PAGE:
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Autosomal recessive early-onset Parkinson disease 6(PARK6)

MedGen UID:
Concept ID:
Disease or Syndrome
Synonyms: PARK6; PARKINSON DISEASE 6, EARLY-ONSET; PARKINSON DISEASE 6, MODIFIER OF; PINK1 Type of Young-Onset Parkinson Disease; PINK1-Related Parkinson Disease
Gene (location): PINK1 (1p36.12)
Monarch Initiative: MONDO:0011613
OMIM®: 605909


PINK1 type of young-onset Parkinson disease is characterized by early onset (mean age 33 years) of tremor, bradykinesia, and rigidity that are often indistinguishable from other causes of Parkinson disease. Lower-limb dystonia may be a presenting sign. Postural instability, hyperreflexia, abnormal behavior, and psychiatric manifestations have been described. The disease is usually slowly progressive. Individuals have a marked and sustained response to oral administration of levodopa (L-dopa), frequently associated with L-dopa-induced fluctuations and dyskinesias. [from GeneReviews]

Additional description

From MedlinePlus Genetics
Parkinson's disease can also affect emotions and thinking ability (cognition). Some affected individuals develop psychiatric conditions such as depression and visual hallucinations. People with Parkinson's disease also have an increased risk of developing dementia, which is a decline in intellectual functions including judgment and memory.

Often the first symptom of Parkinson's disease is trembling or shaking (tremor) of a limb, especially when the body is at rest. Typically, the tremor begins on one side of the body, usually in one hand. Tremors can also affect the arms, legs, feet, and face. Other characteristic symptoms of Parkinson's disease include rigidity or stiffness of the limbs and torso, slow movement (bradykinesia) or an inability to move (akinesia), and impaired balance and coordination (postural instability). These symptoms worsen slowly over time.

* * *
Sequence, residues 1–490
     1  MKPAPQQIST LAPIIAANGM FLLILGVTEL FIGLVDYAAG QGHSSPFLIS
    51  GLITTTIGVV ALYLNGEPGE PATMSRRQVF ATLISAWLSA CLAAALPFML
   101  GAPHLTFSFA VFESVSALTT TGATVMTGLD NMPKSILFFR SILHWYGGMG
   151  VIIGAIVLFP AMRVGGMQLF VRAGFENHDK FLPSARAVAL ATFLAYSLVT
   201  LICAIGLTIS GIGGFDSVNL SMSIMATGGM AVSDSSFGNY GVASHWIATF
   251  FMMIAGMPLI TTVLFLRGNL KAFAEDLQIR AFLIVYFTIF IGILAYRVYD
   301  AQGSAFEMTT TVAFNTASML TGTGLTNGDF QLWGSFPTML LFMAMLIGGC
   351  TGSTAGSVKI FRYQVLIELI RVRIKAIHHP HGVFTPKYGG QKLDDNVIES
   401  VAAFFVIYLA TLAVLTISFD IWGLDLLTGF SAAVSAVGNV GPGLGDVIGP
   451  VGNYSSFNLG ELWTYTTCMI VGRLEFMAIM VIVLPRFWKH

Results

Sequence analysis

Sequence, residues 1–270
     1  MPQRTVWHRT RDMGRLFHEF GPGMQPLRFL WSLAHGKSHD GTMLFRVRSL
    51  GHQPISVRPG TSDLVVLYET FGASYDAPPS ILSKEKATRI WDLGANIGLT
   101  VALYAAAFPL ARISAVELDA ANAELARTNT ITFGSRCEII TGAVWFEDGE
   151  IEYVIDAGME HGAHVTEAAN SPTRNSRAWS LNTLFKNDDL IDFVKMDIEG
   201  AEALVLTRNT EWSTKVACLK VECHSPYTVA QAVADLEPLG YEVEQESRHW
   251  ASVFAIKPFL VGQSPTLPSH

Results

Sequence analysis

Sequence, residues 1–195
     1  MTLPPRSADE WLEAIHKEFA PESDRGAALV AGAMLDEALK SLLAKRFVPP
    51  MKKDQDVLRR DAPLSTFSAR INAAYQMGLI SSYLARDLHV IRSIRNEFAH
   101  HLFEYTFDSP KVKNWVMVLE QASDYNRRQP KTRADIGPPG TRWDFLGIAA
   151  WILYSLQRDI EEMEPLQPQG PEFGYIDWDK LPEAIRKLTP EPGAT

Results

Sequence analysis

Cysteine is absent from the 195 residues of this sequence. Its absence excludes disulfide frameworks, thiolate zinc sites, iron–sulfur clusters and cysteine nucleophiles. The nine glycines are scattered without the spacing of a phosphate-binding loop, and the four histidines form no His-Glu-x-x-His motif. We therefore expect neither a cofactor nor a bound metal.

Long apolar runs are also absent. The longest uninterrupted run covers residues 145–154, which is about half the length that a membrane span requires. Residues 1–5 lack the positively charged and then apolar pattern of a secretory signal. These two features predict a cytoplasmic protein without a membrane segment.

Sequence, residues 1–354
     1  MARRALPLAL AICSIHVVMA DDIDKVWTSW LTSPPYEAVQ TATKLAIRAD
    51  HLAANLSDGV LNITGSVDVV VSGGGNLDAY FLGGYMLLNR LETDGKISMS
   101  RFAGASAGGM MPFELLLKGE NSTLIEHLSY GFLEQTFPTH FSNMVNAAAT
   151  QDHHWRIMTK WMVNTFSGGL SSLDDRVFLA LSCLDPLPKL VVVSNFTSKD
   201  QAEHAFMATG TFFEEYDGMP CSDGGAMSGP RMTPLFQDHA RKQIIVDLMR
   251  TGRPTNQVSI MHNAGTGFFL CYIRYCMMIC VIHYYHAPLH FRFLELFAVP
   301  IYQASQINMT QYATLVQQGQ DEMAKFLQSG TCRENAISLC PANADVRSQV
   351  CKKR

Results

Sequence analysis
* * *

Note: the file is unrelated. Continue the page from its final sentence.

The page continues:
Generally, Parkinson's disease that begins after age 50 is called late-onset disease. The condition is described as early-onset disease if signs and symptoms begin before age 50. Early-onset cases that begin before age 20 are sometimes referred to as juvenile-onset Parkinson's disease.

Parkinson's disease is a progressive disorder of the nervous system. The disorder affects several regions of the brain, especially an area called the substantia nigra that controls balance and movement.  https://medlineplus.gov/genetics/condition/parkinsons-disease

Clinical features

From HPO
Urinary urgency
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Urge incontinence is the strong, sudden need to urinate.
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Intense feelings of nervousness, tension, or panic often arise in response to interpersonal stresses. There is worry about the negative effects of past unpleasant experiences and future negative possibilities. Individuals may feel fearful, apprehensive, or threatened by uncertainty, and they may also have fears of falling apart or losing control.
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Mental or Behavioral Dysfunction
Frequently experiencing feelings of being down, miserable, and/or hopeless; struggling to recover from these moods; having a pessimistic outlook on the future; feeling a pervasive sense of shame; having a low self-worth; experiencing thoughts of suicide and engaging in suicidal behavior.
Dystonic disorder